5 Qualities That Make Hiring Managers Say “WOW!”

Wow_march2012_webWhen you go in for an interview, what will set you apart from your competition? Odds are, the other hopefuls interviewing for the position have as much, if not more, experience than you. How can you impress recruiters and prove to them that you are the right person for the job?

They want to see if you’re the right fit for the company. They’re looking between the lines of your résumé for what you have beyond your work experience. To really make a good impression, you should project certain qualities that will make you a more desirable candidate. What qualities are they, you ask? Well, here are five of them that can make a recruiter or interviewer say “Wow!”


There are countless books, websites, and seminars about the best kinds of answers to interview questions. Job seekers are asked these questions to see if they have the ability to answer them competently. But, they’re also looking for something more. Many hiring managers want to see passion for their company, the position, and the industry. They want to know why candidates are truly excited about the opportunity, rather than viewing it as just another job interview. The truly passionate candidates are not only likely to excel in their role, but will also remain involved in their responsibilities and motivate those around them.


Being professional is something that is hard to teach. It’s a mixture of motivation, presence, and hard and soft skills. To be professional, you have to project an image that you are actively listening to what recruiters are saying and take interest in the job.


You can really stand out among your competition when you do your homework. If you can demonstrate your interest in an employer and the issues they’re facing while showcasing your research skills, you can leave a lasting impression on hiring managers. Take the time to research and get to know the recruiter and interviewer, and you’ll find a quicker connection and develop a stronger rapport.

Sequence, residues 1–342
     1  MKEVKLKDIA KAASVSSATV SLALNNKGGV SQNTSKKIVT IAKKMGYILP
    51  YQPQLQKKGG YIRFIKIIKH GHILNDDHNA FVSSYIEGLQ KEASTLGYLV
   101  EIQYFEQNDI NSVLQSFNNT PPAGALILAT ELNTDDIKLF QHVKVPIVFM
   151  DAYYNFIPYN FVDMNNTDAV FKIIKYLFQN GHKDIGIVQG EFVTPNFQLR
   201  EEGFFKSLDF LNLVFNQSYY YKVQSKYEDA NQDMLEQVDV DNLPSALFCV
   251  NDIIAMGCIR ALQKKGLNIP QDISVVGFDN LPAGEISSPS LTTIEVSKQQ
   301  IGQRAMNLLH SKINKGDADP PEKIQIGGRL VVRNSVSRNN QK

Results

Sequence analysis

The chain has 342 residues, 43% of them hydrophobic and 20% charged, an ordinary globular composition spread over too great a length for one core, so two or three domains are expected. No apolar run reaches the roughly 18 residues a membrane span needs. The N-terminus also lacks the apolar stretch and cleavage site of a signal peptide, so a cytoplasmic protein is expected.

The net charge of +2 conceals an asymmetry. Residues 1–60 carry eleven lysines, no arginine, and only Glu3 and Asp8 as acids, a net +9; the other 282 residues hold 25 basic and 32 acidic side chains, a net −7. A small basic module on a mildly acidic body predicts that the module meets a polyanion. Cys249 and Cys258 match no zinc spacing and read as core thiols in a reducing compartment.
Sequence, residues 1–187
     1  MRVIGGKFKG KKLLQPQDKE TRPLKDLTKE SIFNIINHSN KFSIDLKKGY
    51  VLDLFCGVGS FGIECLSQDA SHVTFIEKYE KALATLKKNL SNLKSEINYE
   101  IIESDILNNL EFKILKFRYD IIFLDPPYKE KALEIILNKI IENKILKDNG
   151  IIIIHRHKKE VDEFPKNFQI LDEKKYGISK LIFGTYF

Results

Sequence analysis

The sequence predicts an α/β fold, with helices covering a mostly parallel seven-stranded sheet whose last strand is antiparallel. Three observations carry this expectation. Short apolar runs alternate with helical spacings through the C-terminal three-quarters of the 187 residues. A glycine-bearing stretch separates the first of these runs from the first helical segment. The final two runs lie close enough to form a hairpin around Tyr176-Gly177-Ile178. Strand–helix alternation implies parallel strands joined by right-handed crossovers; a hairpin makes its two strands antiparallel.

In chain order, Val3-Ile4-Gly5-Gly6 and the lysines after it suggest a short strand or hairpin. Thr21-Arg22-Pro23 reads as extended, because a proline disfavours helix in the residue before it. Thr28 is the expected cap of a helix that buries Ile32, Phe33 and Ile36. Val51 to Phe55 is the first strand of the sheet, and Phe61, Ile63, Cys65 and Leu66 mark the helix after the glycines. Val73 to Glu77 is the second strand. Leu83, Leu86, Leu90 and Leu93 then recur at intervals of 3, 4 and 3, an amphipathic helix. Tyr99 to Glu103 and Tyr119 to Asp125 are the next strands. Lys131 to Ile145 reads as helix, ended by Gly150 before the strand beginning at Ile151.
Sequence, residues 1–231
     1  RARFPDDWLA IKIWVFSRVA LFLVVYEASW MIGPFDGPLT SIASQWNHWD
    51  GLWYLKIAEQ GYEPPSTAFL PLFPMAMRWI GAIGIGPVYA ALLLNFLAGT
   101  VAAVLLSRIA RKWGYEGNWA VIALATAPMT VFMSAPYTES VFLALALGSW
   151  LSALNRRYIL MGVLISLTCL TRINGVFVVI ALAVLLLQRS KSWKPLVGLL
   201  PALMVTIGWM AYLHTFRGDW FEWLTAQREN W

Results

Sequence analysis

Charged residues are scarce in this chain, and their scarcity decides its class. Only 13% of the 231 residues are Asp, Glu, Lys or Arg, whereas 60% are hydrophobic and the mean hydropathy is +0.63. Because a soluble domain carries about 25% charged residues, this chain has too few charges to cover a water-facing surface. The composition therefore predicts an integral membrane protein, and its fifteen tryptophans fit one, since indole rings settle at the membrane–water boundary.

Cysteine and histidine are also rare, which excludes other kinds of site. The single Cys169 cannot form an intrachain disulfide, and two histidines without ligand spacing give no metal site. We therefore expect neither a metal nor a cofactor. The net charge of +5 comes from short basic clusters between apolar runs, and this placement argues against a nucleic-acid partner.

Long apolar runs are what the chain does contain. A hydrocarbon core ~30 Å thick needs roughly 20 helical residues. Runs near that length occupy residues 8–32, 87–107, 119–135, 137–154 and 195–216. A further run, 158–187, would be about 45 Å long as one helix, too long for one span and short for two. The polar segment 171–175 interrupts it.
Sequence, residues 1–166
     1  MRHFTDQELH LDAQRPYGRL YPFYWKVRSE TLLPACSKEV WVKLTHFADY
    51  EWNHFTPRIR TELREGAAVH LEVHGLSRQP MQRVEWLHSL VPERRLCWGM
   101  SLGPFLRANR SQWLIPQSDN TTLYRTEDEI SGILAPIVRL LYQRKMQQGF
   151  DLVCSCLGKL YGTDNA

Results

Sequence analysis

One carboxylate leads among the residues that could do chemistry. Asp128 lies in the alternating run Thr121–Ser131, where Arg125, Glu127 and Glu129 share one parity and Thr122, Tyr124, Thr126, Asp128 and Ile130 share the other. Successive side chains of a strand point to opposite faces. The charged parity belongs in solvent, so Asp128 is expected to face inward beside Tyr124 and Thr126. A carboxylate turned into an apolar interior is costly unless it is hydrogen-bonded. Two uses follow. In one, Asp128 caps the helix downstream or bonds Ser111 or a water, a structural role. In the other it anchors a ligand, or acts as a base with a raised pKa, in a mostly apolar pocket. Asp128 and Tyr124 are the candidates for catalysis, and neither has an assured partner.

Confidence is a key component in every aspect of your job search. When networking or interviewing, it’s important to exhibit knowledge, modesty, openness, gratitude, and skilled verbal and written communication. Recruiters should be able to see that you can take tasks, jobs, or projects given to you and run with them. Prove that you are proactive and can handle the job requirements through your handshake, body posture, and communication skills.

Providing Humor

The hiring process can be a long and often trying process. Recruiters and hiring managers listen to the same pre-prepared answers from candidate after candidate. A job seeker with professionalism and a sense of humor lightens the atmosphere, but be careful if now you decide to use humor when talking to hiring managers. If humor isn’t a part of your everyday personality, think twice before taking it too far in an interview. If it doesn’t come naturally, there’s a bigger chance that it can backfire. You don’t have to crack jokes, but you can bring a light-hearted and happy attitude that can brighten the mood when talking to recruiters.

There are a lot of different things employers look for in a new hire. On top of work history, job experience, and specific skill sets, there are other traits that can help propel job candidates above the large number of job seekers vying for the same job. If you excel at any one of these five qualities, use it to your advantage. It could make the difference between silence and a call back. What are some ways you have shown one of the five traits when interviewing with an employer?


  1. jesse

    Wow. This is a great example of an article that promises much but delivers little. How about some practical tips on posture, professionalism or poise?

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      Jared Cole